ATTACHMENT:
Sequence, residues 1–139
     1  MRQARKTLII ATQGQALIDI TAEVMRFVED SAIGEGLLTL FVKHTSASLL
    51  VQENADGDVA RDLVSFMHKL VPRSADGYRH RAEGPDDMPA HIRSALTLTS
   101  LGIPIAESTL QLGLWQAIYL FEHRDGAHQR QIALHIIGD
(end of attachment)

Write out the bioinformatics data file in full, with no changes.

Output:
Sequence, residues 1–139
     1  MRQARKTLII ATQGQALIDI TAEVMRFVED SAIGEGLLTL FVKHTSASLL
    51  VQENADGDVA RDLVSFMHKL VPRSADGYRH RAEGPDDMPA HIRSALTLTS
   101  LGIPIAESTL QLGLWQAIYL FEHRDGAHQR QIALHIIGD